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    "An interesting perspective"

    I am doing a little study of this battle and this was the first book I have listen to on the subject. It covers the battle and much of the history around the Lakota perspective. It covers areas such as weapons, moral etc but it skims over the American's/Europeans side of things which is fine as I am sure I could get that from other books. This book covers the 'Indian' side of things well. I wish I could get this much coverage from the opposite side in other histories of battles.
    Johseph M. Marshall III narrates his book well and his voice sounds like what you would expect a wise Lakota man to sound like.
    Although this book makes it clear that the Lakota has had a rather bad time of it, he makes it clear that they are a resilient people who are pragmatic and noble.
    Having not looked at both sides yet it would be wrong to judge the battle yet although I am sure from what I have studied of US history when someone saids "Trust me, I'm from the Government" they had the United States Government in mind and why we should run!

    1 of 1 people found this review helpful
  •  
    Heylady50 Louisburg, KS 05-07-12
    Heylady50 Louisburg, KS 05-07-12
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    "This one I will listen to again and again"
    Would you listen to The Day the World Ended at Little Big Horn again? Why?

    There is so much information and history that I never learned in school. I will most certainly listen to this again.


    What did you like best about this story?

    I don't know that I would term "like" in regards to some of this. Why? It is extremely heart wrenching to hear the stories of what our ancestors did in the name of God or country. I feel we are still doing some of the same things today and to other nationalities. I did appreciate that Joseph Marshall was the narrator and that he used his native language from time to time through out the book. I found myself trying to learn the different words.


    Any additional comments?

    This is a wonderful history lesson that we all need to listen to. It spurred me on to reading another one of Joseph Marshall's books on the leadership lessons of Crazy Horse. I am truly enjoying that book as well.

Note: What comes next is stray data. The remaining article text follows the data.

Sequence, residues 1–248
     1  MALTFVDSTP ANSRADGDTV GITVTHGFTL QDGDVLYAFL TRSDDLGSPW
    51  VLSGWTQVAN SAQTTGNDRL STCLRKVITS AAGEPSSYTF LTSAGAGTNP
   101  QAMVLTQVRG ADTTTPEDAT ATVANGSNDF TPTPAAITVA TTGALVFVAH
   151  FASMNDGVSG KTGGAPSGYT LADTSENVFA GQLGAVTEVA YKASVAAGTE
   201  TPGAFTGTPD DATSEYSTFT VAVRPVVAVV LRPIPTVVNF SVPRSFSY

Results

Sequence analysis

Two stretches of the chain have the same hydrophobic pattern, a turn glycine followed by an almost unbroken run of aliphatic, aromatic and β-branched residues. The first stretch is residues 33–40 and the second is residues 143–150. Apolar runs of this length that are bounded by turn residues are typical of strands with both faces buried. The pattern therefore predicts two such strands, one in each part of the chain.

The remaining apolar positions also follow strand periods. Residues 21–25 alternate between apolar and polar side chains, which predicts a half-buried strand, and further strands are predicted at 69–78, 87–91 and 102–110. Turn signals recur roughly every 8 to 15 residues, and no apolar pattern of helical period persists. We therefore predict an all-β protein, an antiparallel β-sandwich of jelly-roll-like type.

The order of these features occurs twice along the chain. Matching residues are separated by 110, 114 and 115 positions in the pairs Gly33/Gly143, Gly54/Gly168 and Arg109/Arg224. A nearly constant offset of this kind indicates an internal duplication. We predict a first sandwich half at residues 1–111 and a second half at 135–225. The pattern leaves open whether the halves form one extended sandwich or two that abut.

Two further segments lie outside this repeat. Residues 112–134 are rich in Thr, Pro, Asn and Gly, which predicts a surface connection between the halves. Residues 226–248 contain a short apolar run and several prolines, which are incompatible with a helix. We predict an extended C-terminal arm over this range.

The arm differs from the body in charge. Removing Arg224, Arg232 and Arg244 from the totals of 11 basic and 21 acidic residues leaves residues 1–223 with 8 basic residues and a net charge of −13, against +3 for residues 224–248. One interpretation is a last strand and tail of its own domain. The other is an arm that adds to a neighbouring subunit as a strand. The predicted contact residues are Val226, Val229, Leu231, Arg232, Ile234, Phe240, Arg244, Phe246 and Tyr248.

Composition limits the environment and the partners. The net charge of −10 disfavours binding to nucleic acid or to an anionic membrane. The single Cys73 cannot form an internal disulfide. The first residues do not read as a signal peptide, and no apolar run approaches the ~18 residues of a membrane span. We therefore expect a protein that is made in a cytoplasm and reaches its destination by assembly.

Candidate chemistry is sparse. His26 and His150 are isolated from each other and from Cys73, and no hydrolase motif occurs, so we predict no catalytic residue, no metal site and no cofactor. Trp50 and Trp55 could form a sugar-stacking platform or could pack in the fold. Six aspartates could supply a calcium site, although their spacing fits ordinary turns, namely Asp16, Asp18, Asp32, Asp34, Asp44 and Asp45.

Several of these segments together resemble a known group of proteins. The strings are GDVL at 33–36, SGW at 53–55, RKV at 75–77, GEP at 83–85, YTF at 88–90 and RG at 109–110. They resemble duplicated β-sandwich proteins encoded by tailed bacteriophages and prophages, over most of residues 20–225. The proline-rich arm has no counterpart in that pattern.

1 of 2 people found this review helpful
  •  
    Charles PALMETTO, FLORIDA, United States 12-08-11
    Charles PALMETTO, FLORIDA, United States 12-08-11
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    "Great Book"
    If you could sum up The Day the World Ended at Little Big Horn in three words, what would they be?

    Great to hear the true side.


    What was one of the most memorable moments of The Day the World Ended at Little Big Horn?

    Seeing how history has elavated Custer, Sheridan and Sherman to such lofting positions when the truth is contrary.


    What about Joseph M. Marshall III’s performance did you like?

    Mr. Marshall's performance is wonderful especially enjoyed his use of his native language.


    Was there a moment in the book that particularly moved you?

    What the US government did to native Americans.


    3 of 6 people found this review helpful
  •  
    Sarah Shepherd, MT, USA 09-29-07
    Sarah Shepherd, MT, USA 09-29-07
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    "disappointing"

    This book had an interesting account of events as hoped for. That part was interesting. However, the author seems to carry a huge chip on his shoulder decades after the events. Over all the educational value was lost, buried in the racial venting of the author.

    10 of 28 people found this review helpful
  •  
    Jonathan Nahalal, Israel 06-29-11
    Jonathan Nahalal, Israel 06-29-11 Member Since 2007
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    "OK book on great historic event"

    for History in general and military history in particular, it is some disappointment
    battle and strategy description is very limited, while other parts of the Lakota history is very long, including dictionary that is fairly boring for the listener.

    0 of 5 people found this review helpful